- SIDS is the number one cause of death of infants
under one year of age and strikes more than 2,100 families in the United
States each year.
- More babies die of SIDS in a year than all babies
who die of cancer, heart disease, pneumonia, child abuse, AIDS, cystic
fibrosis, and muscular dystrophy combined.
- SIDS is a diagnosis which is made only after a death
and when all other possible causes of death have been ruled out by a
complete investigation and autopsy.
- There is no test that predicts which babies will
die of SIDS
- SIDS affects families of all races, religions, and
- SIDS occurs during sleep, and strikes without warning.
- SIDS victims appear to be healthy.
- We do yet not know exactly
how or why SIDS happens, though it appears that SIDS may be caused by
some subtle developmental delay, an anatomical defect or functional
- Researchers at Harvard and
Dartmouth have, in fact, isolated a neurochemical defect in a portion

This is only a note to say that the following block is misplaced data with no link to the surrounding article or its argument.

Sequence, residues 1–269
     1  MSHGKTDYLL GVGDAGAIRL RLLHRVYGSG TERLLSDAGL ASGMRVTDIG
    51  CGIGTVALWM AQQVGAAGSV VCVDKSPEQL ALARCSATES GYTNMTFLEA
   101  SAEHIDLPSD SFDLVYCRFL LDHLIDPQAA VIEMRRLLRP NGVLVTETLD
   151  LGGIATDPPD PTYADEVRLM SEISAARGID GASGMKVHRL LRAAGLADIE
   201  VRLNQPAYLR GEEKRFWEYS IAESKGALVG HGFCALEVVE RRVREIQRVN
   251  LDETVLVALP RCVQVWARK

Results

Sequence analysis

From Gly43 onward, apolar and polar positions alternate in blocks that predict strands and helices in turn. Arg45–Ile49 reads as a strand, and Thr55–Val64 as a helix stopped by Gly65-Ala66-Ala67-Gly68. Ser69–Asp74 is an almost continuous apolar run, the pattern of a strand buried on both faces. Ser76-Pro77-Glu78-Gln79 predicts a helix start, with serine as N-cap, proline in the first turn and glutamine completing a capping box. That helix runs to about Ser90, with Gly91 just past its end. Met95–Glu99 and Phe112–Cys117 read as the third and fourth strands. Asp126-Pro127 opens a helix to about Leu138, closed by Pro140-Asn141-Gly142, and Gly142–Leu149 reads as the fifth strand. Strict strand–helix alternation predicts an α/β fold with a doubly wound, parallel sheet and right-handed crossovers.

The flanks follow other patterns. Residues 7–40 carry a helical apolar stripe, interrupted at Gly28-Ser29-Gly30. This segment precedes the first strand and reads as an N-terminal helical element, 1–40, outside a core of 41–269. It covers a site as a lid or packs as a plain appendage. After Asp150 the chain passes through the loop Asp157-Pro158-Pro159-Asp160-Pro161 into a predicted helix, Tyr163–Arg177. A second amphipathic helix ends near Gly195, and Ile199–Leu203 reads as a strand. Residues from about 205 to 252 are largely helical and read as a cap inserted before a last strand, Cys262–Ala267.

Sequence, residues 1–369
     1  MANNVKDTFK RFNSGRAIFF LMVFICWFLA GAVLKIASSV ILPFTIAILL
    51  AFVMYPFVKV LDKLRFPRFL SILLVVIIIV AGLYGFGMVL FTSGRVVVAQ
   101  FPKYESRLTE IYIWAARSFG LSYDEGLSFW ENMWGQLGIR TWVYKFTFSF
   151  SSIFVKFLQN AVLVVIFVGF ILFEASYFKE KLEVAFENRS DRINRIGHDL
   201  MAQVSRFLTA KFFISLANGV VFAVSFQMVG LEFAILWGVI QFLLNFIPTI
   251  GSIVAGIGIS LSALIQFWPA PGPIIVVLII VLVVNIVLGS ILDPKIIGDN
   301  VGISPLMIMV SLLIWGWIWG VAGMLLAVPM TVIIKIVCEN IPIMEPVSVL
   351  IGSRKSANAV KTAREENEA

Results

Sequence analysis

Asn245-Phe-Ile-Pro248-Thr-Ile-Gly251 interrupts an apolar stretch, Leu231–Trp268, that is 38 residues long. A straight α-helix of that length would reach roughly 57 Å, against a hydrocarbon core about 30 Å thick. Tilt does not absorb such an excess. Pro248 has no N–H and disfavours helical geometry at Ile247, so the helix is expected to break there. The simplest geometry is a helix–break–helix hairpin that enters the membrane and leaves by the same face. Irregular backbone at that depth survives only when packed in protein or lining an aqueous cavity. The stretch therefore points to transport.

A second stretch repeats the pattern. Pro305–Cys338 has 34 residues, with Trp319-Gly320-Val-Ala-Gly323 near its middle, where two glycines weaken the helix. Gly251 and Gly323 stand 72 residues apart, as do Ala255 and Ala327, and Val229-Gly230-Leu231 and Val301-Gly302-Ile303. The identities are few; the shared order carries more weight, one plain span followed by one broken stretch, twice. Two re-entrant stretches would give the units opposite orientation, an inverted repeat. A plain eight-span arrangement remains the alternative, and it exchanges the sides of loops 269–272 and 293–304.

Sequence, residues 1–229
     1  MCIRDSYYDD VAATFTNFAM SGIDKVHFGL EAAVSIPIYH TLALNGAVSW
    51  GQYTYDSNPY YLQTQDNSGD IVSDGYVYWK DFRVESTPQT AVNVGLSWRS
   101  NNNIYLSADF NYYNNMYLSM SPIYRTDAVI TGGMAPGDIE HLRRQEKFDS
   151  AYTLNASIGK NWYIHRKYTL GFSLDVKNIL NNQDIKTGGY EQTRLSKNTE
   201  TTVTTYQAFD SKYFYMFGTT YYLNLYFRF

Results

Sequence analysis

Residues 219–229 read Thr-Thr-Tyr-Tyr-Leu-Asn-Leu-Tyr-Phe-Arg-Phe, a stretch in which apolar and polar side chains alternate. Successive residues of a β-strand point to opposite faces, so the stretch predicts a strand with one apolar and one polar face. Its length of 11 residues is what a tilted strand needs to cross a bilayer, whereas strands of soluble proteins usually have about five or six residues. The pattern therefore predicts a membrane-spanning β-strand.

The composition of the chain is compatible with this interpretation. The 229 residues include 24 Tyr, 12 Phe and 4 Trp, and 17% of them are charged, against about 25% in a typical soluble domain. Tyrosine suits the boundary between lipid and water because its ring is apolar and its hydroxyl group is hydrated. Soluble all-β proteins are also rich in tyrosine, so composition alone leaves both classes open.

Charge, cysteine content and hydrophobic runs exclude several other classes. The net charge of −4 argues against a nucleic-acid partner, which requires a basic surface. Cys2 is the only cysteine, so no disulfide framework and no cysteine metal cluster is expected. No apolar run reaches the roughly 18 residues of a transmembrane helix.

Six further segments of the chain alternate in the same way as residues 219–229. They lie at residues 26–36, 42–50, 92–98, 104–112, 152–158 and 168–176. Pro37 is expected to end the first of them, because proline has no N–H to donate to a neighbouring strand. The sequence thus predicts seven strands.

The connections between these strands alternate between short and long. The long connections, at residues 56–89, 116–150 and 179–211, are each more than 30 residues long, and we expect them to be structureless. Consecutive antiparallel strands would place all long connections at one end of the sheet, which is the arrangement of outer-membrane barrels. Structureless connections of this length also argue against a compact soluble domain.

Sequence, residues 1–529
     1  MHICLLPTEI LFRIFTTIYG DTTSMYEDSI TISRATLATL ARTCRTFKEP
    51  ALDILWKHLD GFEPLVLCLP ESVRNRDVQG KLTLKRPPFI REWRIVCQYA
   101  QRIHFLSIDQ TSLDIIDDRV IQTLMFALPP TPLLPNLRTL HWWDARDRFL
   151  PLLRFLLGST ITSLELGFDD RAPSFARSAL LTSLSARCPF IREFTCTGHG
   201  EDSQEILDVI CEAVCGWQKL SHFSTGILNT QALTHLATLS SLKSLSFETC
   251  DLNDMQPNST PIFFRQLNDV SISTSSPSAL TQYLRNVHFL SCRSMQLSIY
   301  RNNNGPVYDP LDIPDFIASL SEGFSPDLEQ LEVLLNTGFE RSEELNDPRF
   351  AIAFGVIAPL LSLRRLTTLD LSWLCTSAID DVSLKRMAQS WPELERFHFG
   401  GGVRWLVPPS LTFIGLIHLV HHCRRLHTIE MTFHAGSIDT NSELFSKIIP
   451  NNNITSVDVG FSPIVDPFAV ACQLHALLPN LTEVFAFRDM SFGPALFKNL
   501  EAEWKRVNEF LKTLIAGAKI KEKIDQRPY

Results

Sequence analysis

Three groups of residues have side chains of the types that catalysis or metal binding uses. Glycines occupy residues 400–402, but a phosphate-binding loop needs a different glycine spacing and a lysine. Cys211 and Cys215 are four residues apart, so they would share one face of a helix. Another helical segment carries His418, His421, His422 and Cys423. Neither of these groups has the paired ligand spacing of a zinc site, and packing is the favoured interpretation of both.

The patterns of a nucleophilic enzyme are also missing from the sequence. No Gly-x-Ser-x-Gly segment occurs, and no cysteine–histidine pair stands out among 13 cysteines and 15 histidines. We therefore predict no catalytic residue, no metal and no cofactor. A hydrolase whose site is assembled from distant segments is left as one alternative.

of the brain of SIDS victims that controls the infant's protective responses
to changes in oxygen and carbon dioxide levels.
- SIDS, like other medical
disorders, may eventually have more than one explanation and more than
one means of prevention. This may explain why the characteristics of
SIDS babies seem so varied.
Following these guidelines may help reduce the risk of SIDS:
- Place your baby on the back to sleep at night and naptime
- Use a firm mattress in a safety-approved crib
- Eliminate fluffy, loose bedding from your baby's sleep area
- Keep your baby's face clear of coverings
- Be careful not to overheat your baby
- Breastfeed if possible
- Don't allow anyone to smoke around your baby
- Consider offering your baby a pacifier at naptime and bed time for the first year (but not for the first month for breastfed babies)
- Do not allow your baby to sleep in an adult bed
- Consider using a fan in the baby’s room for air circulation
- Tell anyone that may keep your baby about This Side UP